I read any type of genre though my favourites are horror, fantasy and general fiction. I think reading multiply genre’s makes your writing better. When I’m writing a romantic scene I recall romance novels, when it’s an action scene I take inspiration from thrillers. It’s the best way I think for you to ensure that it makes every part of your work realistic. If you’re writing a horror novel and your main character has a love interest you should aim to make that part of your story as strong as the rest.
Which one of your characters would you most like to spend time with?
Mr. Jones is fantastic because he says what he wants to say no matter what. Julian Kensi from my short story, Insular, is fun because is so creepy. Daisy Hill is another; she’s from a novel I am currently working on. She has this brilliant resilience to her that allows her to overcome some really traumatic experiences.
Which book do you consider a must-read?
On Writing by Stephen King, it’s a book I’ve read at least five times. It has everything that an author needs to know about being one and taking it seriously. At the same time it is a delightful read and provides insight into one of the most popular writers of our time.
What’s been the hardest edit that you’ve had to make? Why did you want to keep the material in?
I had a section of my novel Mr. Jones that I completely cut from the second draft. It was about twenty pages long and I loved everything that happened in those pages but they had no relevance for the actual story that I was trying to tell. It was a Christmas and I thought I needed to write one because the story takes place in winter yet as I reread I realised that the actual story although it did take place in that season it began after the New Year. If I had kept it in I would have made readers endure twenty pages of people opening presents, having conversations and eating dinner that had no significance to the story. Yet, it was well written and like any writer I enjoyed the time I had spent writing with my characters.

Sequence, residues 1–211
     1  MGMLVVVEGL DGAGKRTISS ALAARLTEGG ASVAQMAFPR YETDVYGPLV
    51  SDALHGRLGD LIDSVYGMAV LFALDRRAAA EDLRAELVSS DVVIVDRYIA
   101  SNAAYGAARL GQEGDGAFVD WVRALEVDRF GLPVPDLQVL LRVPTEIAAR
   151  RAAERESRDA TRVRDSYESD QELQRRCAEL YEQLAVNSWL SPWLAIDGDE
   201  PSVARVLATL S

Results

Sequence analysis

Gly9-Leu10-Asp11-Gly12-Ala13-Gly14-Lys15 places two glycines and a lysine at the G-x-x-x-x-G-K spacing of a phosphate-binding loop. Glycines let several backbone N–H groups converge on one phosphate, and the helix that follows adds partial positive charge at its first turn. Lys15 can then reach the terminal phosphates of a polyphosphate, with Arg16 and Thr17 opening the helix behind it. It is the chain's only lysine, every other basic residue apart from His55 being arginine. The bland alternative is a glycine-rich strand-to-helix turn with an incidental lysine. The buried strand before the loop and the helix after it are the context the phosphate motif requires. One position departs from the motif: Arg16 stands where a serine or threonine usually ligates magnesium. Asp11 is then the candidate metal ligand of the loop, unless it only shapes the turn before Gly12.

If you could live in a book, which one would it be?
I think I’ve talked enough about Stephen King so I will pick The Shadow of the Wind by Carlos Ruiz Zafon. It’s a novel that I’ve reread a lot because the language that the author uses to tell the story is unlike anything I’ve ever read. There is a poetic flow to it that carries you along. It’s both simplistic and yet complex. I’ve found with each reread already I’m uncovering new layers and depths in how the author tells the story. Perfect for a desert island novel.
If you could pick an Author to write your biography, who would it be?
Neil Gaiman because his writing is beautiful and heart felt. I’d also choose him because he knows how to write about the hilarity of life.
Is there any conflict between what you want to write and what you think your readers will like?
I haven’t and I think that’s because readers that follow authors do so because of their voice. They don’t just like the type of stories they tell but how they tell them. So when an author does do something different I believe readers will give it a chance. Hopefully, they enjoy it and that chance becomes a gateway to a genre or type of story that they’ve never explored before.
What effect can a review have on you, if you read them at all? Both the good and the bad.
I understand that writing is subjective and what one person loves can be what another person’s hates. When I receive criticism based on subjectivity I feel sorry that I couldn’t provide that person with a story that suited them and wish them the best in finding it. When it’s criticism based on technique I look at it as an opportunity to learn and improve.
Can you sum up your life story in ten words or less?
A soap opera with delusions of grandeur.
What’s exciting you about your next project?
I am working on a novel that I would love to read. It’s set in 1983 in Kansas, USA and is about a runaway called Joe Cage who gains employment at a travelling carnival and on his first day on the job a little girl goes missing inside the ghost ride. Joe suspects that the culprit is someone else that’s working at the carnival the only problem is he is the police’s number one suspect. It’s in its early stages so far but it is so much fun to write.
And finally, you have one quote to be remembered by, what is it?
I wish I had read more. Ha ha. In all honesty I’d probably tell my wife ‘I love you’ as she is the most important person in my life. That and I’ll be back.
Thanks to Jamie for his time in answering our questions, really interesting stuff!
You can find out more about Jamie and find the link to Insular on Amazon in the links below.